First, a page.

This is a partial transcript from "Your World with Neil Cavuto," September 28, 2004, that was edited for clarity.
NEIL CAVUTO, HOST: Do hip-hop (search) stars get a bad rep from cops? Hip-hop mogul and Def Jam Records co-founder Russell Simmons (search) says yes, and he wants to prove it with his upcoming documentary.
With him on the project is Will Griffin. Mr. Griffin is the president and chief operating officer of Simmons Lathan Media Group and an executive producer of "Hip-Hop Justice."
And this is going to be on Court TV, right?
RUSSELL SIMMONS, FOUNDER, DEF JAM RECORDS: That's right.
CAVUTO: You and I were discussing this during the break. Is this a sympathetic portrayal?
SIMMONS: No, no. It's actually news. What we are using this vehicle as, as a way to expose things that otherwise might not be newsworthy, or I'm sorry, they might not get ratings.
You know, they may be newsworthy from a humanitarian standpoint. I mean, if you want to make our system better. But they may be boring.
Sometimes when rappers experience things — for instance, when 50 Cent and Mariah Carey talked about the drug laws, the governor and the state senator and the assemblymen ran into a room and starting trying to fix the drug laws, because they were exposing to the masses something that was wrong and needed to be fixed.
CAVUTO: So it sounds like you are trying to make a sympathetic, or at least more understanding?
SIMMONS: No, no, no. We want people to understand occasions. For instance, if a rapper gets arrested and gets 20 years for having drugs, a nonviolent, first time offender.
CAVUTO: You think that's over the top?
SIMMONS: Then it's over the top.
CAVUTO: So Will, is that the goal here?
WILL GRIFFIN, CEO, SIMMONS LATHAN MEDIA GROUP: Well, the goal here is to take a look at where Russell and others and his peers have brought hip-hop culture to the point where it dominates the mainstream. But our social system has not elevated it to that level, and they're not that open.
So our goal with this program is to shine light on the system and those practices that still close-minded.
CAVUTO: But you can understand why people are a little frightened, right?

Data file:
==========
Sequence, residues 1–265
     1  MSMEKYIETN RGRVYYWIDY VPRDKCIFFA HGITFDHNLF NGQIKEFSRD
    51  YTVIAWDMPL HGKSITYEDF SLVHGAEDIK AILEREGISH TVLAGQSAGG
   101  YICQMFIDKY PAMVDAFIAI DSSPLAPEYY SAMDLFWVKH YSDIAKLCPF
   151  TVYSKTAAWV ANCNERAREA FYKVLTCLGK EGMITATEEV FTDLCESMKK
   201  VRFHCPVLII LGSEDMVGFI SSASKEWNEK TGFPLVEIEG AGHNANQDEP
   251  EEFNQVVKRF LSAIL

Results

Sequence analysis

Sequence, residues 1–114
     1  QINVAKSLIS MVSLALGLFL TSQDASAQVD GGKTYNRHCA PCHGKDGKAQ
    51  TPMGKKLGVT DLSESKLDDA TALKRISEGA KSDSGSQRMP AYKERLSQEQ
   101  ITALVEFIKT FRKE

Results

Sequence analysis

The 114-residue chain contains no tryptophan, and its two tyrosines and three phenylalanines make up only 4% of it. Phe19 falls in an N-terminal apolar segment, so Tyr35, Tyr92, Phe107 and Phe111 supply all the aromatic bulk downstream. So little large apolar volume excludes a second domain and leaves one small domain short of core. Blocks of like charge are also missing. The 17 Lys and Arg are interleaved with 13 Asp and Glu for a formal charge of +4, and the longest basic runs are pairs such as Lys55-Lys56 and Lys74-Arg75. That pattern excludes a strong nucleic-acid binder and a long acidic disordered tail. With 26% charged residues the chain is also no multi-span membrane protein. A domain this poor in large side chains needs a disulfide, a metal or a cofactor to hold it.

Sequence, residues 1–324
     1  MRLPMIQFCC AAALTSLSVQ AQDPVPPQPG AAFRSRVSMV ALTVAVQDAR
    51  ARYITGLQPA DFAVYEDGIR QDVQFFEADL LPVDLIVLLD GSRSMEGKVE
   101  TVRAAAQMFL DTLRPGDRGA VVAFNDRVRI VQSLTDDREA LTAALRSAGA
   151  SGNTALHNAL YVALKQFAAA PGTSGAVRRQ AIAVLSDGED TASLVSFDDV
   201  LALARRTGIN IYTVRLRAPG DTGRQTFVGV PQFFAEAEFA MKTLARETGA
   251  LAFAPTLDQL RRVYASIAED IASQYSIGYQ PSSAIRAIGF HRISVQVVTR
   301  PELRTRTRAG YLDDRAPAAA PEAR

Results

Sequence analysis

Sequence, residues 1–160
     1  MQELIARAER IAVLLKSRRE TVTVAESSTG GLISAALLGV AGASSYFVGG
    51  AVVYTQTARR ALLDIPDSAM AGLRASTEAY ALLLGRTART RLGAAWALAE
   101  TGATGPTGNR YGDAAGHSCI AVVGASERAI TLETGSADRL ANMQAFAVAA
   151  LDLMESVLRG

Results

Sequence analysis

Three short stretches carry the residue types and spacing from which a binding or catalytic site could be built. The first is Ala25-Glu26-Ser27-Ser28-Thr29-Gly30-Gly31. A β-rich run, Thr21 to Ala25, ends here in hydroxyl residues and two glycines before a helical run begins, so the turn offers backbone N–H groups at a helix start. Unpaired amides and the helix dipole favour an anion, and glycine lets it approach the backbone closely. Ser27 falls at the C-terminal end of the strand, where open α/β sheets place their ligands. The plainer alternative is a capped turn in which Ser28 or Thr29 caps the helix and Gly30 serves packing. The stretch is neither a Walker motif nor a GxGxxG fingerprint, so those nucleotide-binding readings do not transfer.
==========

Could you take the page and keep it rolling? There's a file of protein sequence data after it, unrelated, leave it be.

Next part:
I was kind of looking at some of the more prominent cases. Jay-Z, biggest rap name in the world, you know. Then all of a sudden he has a problem. He gets on probation for stabbing a record executive; 50 cent, a crack dealer at 12, survived shootings and stabbings, jailed at 19. Eminem, of course, we know his whole story. P. Diddy cleared of weapons and bribery charges, but still, all this stuff.
There's a lot of noise, a lot of guys getting shot and killed at a young age. I'm just saying, can you blame Americans for being leery?
SIMMONS: Well, you know, the problem is most Americans are not familiar with the amount of ignorance and the amount of poverty. And so when you don't hear from those people who are in the struggle.
There's a pastor of Jam Master J. Run DMC only talked about God and survival and very uplifting ideas for their entire career. But when J was killed they called it rap violence.
But there's a mural of J in Hollis, Queens, and there are 15 kids around him, pictures of other dead kids who are not newsworthy. The fact is, these are voices for voiceless people. And they've come out of struggle. And because they have a hit record doesn't mean that their poverty is still in their minds. They come from a place where they struggle.
CAVUTO: Yes. The lyrics are pretty nasty, too.
SIMMONS: The lyrics are expressions of truths that sometimes we don't want to face. If they say "F" the police, and they live in Compton, then it's time to look at the police as well as the community.
CAVUTO: But do you think, guys, there's any truth to what Bill Cosby said a few weeks ago?
SIMMONS: Well, let me say this. I've got an answer to that because I have a very definite opinion.
Bill Cosby worked very hard for this community. He opened many doors, and he's frustrated that they will not walk through. But, the truth is, these people need our best embrace and love, not our criticism. They're all doing the best that they can as we are doing.
CAVUTO: But what's wrong with criticism? You get criticism, too, Russell. And you learn from it and move on.
SIMMONS: But I accept personal responsibility for myself. Not for others.
CAVUTO: Do you think everyone in the African-American community accepts personal responsibility, especially those in the rap area, for a lot of their problems, either with jail or beating up girlfriends or violence?
GRIFFIN: Well, not everybody accepts personal responsibility for everything. But I think by and large in this community that they do.
But the point of the show, which is more important, that your viewers should really be afraid of is that, if a rapper does something wrong he pays; his victim pays.
If the police do something wrong, we all pay, because that's really something that takes our constitutional rights down the drain.
And we're saying that rappers — who are exercising their First Amendment rights as artists — should not also have that trigger, the police doing a Fourth Amendment abuse against them.
CAVUTO: The hope that you have after this special is what?
SIMMONS: To expose, for instance, rap profiling. We followed Puffy around Beverly Hills. One of the kids who he grew up with came and visit him, and this person has a record as a drug dealer or whatever, because you come from struggle. You leave these people behind, but not always.
So these people come and visit Puffy. The drug dealer and the gangster goes home. And they continue to follow Puffy.
They have a record on Reverend Run and Run DMC. Why do we have a file on Run DMC? Instead of following Run DMC, when we don't have enough resources to follow all the people around who are threatening our communities.
CAVUTO: But a lot of rap stars kill each other. There are some of the prominent cases.
SIMMONS: Listen, there are killings going on every day that are not, you know...